The first 1000 days are crucial – with many startups not making it past the three year milestone – many because of a lack of proper planning.
One of the most useful tools that can help take uncertainty out of planning for your business’ future, and which many rookie startup founders often try to sidestep, is financial forecasting.
Forecasts help a business identify imminent revenue and expenditure trends so they can manage finances more efficiently into the future.
Phumlani Nkontwana, programme manager of Enterprise Development Academy (EDA) at GIBS Business School (Gordon Institute of Business Science), says financial forecasting is an attempt to predict how changes in the micro (company) and macro environment (market, industry, legislative, etc.) will affect revenue, cost levers and ultimately the bottom line in the next financial year or season.
“The trick is seeing your business truthfully and strategically,” he says.
Forecasting is an exercise that all business owners should conduct every financial year or financial season, says Nkontwana, provided they have real data at hand.
It is, however, critical that business owners extract meaningful value from all that information, says Nkontwana.
“My advice is for entrepreneurs to stay away from generic templates that undermine the data. Get real data. If you do not have data, then do objective market research. If you can’t do market research, my advice is to buy data or hire an expert to do it for you.”
For businesses looking for investors, financial forecasting can help give investors a detailed look into your financial outlook and expectations for the business, he adds.
Nkontwana says that investors look for key underlying assumptions and quality of data that back up your forecast, and if those are sound, prudent and realistic, there is a likelihood there might see your forecast as achievable.
It all starts with what growth you want to achieve for the business
If you are looking to put together a forecast for your business, Nkontwana shares with SME South Africa an easy-to-follow, step-by-step breakdown of how to create a solid financial forecast.
Get real industry and market data to understand what growth is feasible for your business. Start by understanding the size of the pie, who owns it and what piece is potentially available for you to bite.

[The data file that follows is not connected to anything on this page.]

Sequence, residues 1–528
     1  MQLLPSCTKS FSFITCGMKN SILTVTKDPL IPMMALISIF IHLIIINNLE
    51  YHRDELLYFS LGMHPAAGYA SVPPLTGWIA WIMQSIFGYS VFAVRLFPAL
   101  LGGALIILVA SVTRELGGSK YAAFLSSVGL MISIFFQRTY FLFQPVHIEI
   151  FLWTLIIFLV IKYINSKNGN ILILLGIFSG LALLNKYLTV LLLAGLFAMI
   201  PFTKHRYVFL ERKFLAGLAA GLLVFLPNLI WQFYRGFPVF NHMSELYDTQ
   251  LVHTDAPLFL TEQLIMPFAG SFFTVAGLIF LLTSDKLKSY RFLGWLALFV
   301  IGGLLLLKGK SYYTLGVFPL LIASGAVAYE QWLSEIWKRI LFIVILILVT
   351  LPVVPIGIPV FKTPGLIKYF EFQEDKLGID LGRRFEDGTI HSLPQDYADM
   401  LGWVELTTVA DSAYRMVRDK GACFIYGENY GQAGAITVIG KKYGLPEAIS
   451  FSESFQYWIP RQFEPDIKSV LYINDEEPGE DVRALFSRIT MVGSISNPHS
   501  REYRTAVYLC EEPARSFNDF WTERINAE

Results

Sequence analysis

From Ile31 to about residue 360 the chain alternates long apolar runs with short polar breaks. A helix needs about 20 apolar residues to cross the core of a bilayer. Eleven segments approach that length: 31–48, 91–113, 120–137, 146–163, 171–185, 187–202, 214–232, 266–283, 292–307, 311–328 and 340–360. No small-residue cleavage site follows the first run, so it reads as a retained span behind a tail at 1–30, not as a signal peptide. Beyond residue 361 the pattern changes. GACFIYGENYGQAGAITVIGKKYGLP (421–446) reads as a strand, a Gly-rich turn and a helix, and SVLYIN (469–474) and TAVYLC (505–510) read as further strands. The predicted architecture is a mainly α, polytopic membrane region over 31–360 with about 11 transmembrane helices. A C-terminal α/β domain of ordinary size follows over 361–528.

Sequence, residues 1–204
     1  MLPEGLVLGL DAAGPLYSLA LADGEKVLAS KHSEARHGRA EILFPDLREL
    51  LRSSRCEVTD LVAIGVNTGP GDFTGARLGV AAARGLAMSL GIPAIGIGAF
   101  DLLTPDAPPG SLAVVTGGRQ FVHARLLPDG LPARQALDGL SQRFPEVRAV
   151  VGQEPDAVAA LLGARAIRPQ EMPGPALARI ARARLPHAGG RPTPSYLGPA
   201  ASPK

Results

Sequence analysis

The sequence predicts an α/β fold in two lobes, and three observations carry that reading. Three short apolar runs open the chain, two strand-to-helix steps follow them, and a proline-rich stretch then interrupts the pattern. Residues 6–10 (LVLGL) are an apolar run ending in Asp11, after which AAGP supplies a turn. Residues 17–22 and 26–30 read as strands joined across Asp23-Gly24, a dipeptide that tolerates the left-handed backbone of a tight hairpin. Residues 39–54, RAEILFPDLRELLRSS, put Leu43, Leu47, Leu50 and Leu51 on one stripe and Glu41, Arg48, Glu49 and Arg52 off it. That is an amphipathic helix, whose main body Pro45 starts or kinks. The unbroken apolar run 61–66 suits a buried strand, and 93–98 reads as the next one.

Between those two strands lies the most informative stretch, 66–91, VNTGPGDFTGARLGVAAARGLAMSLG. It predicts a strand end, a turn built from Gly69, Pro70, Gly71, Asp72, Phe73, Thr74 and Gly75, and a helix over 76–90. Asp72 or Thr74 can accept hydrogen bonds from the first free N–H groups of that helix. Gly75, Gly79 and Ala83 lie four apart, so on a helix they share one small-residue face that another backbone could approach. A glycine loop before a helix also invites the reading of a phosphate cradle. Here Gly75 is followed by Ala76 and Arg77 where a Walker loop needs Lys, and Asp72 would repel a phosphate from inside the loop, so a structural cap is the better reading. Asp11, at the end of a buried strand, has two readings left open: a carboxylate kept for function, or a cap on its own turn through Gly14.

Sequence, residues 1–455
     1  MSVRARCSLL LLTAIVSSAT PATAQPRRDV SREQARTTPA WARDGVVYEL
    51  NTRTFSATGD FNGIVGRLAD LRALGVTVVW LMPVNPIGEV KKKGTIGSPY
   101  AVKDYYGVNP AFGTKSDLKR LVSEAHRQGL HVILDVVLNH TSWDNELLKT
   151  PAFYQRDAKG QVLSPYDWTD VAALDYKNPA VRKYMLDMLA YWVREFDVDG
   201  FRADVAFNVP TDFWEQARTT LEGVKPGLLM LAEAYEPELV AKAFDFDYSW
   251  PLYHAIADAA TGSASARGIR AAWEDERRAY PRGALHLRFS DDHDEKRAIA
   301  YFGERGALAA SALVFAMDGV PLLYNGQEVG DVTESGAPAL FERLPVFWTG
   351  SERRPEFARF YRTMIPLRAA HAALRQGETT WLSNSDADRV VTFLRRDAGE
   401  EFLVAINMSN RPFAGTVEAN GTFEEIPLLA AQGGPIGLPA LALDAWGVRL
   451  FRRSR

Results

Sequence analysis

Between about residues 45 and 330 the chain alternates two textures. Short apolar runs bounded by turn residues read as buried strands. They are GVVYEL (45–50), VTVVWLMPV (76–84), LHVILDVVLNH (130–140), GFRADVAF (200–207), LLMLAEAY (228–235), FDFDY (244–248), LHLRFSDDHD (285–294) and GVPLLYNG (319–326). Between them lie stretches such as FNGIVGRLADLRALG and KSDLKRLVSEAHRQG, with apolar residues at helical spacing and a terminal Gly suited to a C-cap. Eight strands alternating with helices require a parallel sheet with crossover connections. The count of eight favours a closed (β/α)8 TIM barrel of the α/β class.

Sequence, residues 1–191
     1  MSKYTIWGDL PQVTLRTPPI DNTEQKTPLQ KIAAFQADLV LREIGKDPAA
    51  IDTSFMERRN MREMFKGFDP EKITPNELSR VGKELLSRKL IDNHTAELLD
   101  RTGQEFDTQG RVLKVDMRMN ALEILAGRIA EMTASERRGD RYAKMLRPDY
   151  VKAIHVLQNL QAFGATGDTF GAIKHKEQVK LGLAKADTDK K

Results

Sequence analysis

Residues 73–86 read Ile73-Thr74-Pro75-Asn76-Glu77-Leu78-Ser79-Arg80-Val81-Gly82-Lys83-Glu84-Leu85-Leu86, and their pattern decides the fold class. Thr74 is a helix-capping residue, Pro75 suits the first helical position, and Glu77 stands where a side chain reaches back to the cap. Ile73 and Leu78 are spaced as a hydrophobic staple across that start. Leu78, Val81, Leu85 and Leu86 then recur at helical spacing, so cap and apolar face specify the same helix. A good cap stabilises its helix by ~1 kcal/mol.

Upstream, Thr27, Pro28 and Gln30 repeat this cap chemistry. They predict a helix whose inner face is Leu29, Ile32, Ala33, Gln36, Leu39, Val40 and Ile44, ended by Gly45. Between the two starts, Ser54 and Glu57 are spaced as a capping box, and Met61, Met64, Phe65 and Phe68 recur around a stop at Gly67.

Use revenue (sales) achieved the previous year or two as a base from which to forecast.
Determine your financial goals for your business. It all starts with what growth you want to achieve for the business.
With regards to whether you should be aggressive or conservative in your growth predictions for your business, Nkontwana says it’s the data and your key assumptions that will guide you.
The rule of thumb is to be conservative but if you have a disruptive new technology you own that will make your business do things better, quicker and/or cheaper or you are charting untapped viable markets, why shouldn’t you be aggressive?
Whether you are conservative or aggressive, is really dependent on the quality of the data and assumptions that back your forecast. Investors may deem you conservative if your forecast misses or understates key data that is likely to drive sales upwards, to name but one scenario. And vice-versa.
Get some more data! Are there industry/market studies providing any insight regarding the profile, changing patterns, buying trends, supply-side issues, etc. The more data you get the better.
Remember financial forecasting is ultimately an exercise to predict changes to your bottom line
Understand your macro-environment. Will there be legislation, incentive schemes and/or any other public sector-led initiatives to influence demand and/or supply decisions. If you ignore this data you might over/under state your revenues making your financial forecast inaccurate. For example, there might be government programmes incentivising new entrants, which will directly affect your forecast.
Will your cost structure be changing downwards or upwards? If there will be changes it will affect your bottom line. Remember financial forecasting is ultimately an exercise to predict changes to your bottom line. You can’t only look at sales when you forecast, you take the comprehensive look at all your cost levers.
Did you have “lost/missed sales” (lost sales are selling opportunities that have been lost due to reasons such as an item being out of stock, that caused you to lose the opportunity to sell) in your preceding financial year? If so, add these in your financial forecast.